4 of 4 people found the following review helpful
5.0 out of 5 stars One of my favorite films!
I saw this film when it first came out, in the theater, and it has remained one of my favorite films. It was the first film I bought when I got a VCR. This is one of those elegant Merchant-Ivory productions (which also include Maurice and A Passage to India, other E.M. Forster adaptations to film) that sets the late Victorian/early twentieth century world in upper- to...
Published on June 23 2004 by Charles Sutherland
1.0 out of 5 stars A Room With A View
Terrible. I was so looking forward to viewing this Ivory classic but when I received it I discovered it would not play because it was for another region that apparantly would not play in North America. It was not clearly labeled as unviewable for North American viewing. I now will have to return it. It was most irritating.
Published 14 months ago by Geronimo
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4 of 4 people found the following review helpful
5.0 out of 5 stars One of my favorite films!,
The stars of this film include Helena Bonham Carter as Lucy, the heroine, and Julian Sands as George Emerson, her free-spirited suitor, who shocks everyone by doing such risque things as running around without a jacket, or kissing someone (willing) in a field of poppies. The official suitor of Lucy is the stuffed-shirt Cecil Vyse, whose personality seems like it is jammed in a vise. There are great performances by Judi Dench (as a conventional free-spirit, one who likes to be freespirited but not at the expense of reputation), Rupert Graves, Simon Callow, Denhom Elliot, and an outstanding performance (as always, she just has to walk on the set and the film gets an extra star) by Maggie Smith, as the gossipy and fretting aunt and chaperone to Lucy, who eventually comes round to recognizing and rejoicing in the true love of Lucy and George.
The sets are beautiful, the costumes all very much a part of the period, as are the small touches that make up the style of English society that Forster was trying to expose and celebrate in different ways both at the same time. The music is enchanting, with the glorious opera piece "O Mio Bambino Caro" sung by Kiri te Kanawa.
5.0 out of 5 stars To see movie,
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This review is from: Room With a View [Import] (VHS Tape)good acting and well cast with each actor playing well. Photography was excellent and of course the film followed the book fairly well.
1.0 out of 5 stars A Room With A View,
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This review is from: A Room with a View [Region 2] (DVD)Terrible. I was so looking forward to viewing this Ivory classic but when I received it I discovered it would not play because it was for another region that apparantly would not play in North America. It was not clearly labeled as unviewable for North American viewing. I now will have to return it. It was most irritating.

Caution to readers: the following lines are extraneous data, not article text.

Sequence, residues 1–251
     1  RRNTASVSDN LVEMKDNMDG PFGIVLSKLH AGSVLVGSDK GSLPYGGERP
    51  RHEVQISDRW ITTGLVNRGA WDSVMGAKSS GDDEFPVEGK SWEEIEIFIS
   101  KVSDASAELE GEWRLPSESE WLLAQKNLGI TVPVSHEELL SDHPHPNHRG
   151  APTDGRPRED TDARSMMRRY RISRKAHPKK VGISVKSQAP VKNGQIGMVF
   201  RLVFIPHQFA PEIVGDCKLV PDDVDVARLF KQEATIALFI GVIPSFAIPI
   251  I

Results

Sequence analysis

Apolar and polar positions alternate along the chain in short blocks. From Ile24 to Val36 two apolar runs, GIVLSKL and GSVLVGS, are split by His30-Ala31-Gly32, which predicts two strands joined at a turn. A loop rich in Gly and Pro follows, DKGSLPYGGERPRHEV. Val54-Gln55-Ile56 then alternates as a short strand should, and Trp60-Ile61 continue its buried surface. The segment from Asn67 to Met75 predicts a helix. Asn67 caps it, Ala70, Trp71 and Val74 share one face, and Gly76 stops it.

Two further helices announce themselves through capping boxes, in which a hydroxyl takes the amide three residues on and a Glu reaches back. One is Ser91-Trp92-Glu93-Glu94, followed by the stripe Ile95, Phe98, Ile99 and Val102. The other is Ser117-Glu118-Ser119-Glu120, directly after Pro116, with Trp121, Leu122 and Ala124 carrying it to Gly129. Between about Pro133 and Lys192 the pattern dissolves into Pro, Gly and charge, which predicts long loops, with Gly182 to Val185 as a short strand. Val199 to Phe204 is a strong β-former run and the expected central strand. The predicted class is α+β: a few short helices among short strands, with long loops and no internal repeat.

7 of 7 people found the following review helpful
4.0 out of 5 stars THE VIEW FROM THIS ROOM IS STUNNING!,
TRANSFER: At long last, yes! After a previously issued disc that frankly, wasn't worth the cheap piece of plastic it was recorded on, this new 2-disc version does right on all accounts. The picture is stunning in a new 16:9 anamorphic transfer. Colors are rich and well balanced. Contrast and shadow levels are bang on. There is some slight shimmering but nothing to terribly distract. The audio is 5.1 and nicely represented. The music is the real kicker here.
EXTRAS: Some interesting archival footage, a BBC featurette, a bit about the author and a very informative audio commentary.
BOTTOM LINE: This is a keeper!
3 of 3 people found the following review helpful
4.0 out of 5 stars Best kissing scenes ever!,
And the kissing scenes. The type that makes your hear go pitter patter and faint. When George first kisses Lucy without any reservations or hesitation- so passsionate! Then he does it again back in England so boldly, since Lucy's fiance Cecil is but a few feet away. The last scene where Lucy and George are kissing and the windows are open letting the view come forth, this is more emotionally charged and sexual than any sex scene I have ever come across in any movie.
Hard to believe that Julian Sands did not become a major romantic lead after this movie. (He could have been like Hugh Grant or better yet Colin Firth or even his costar Daniel Day Lewis) I think he needs to find another agent. I've seen him in other movies though I didn't really notice him until this one. And his other movies are quite bad. Sad to think this movie close to 20 years old is his highlight. He gives such a good performance as George Emerson. He doesn't say much but when he does it's full of meaning. His facial expressions say much more than words could. And just the way he looks at Lucy....when he is looking at her feet after they are done playing tennis - it literally takes my breath away. How could he make looking at feet look so sexy, hot and deliciously wicked all at the same time?!
Daniel Day Lewis as Cecil. Cecil is such a bore,.but I mean it in a good way. Didn't exude any type of sexuality or passion in the least. Hard to believe this is the same guy who made women watch Last of The Mohicans over and over just for him and become so violent in Gangs of New York. Daniel Day Lewis did such a good job with this part I barely recognized him.
Helena Bonham Carter - repressed yet so full of possibilites. And very innocent - was this really the same woman in Fight Club! Demure yet becoming increasingly vocal. And she's gone on to such great roles after this.
There are just too many great actors to name. I love Denholm Holt who played Mr. Emerson. He was so endearing and charming.
Maggie Smith plays the chaperone! Maybe you can get Julian Sands a role in the next Harry Potter movie.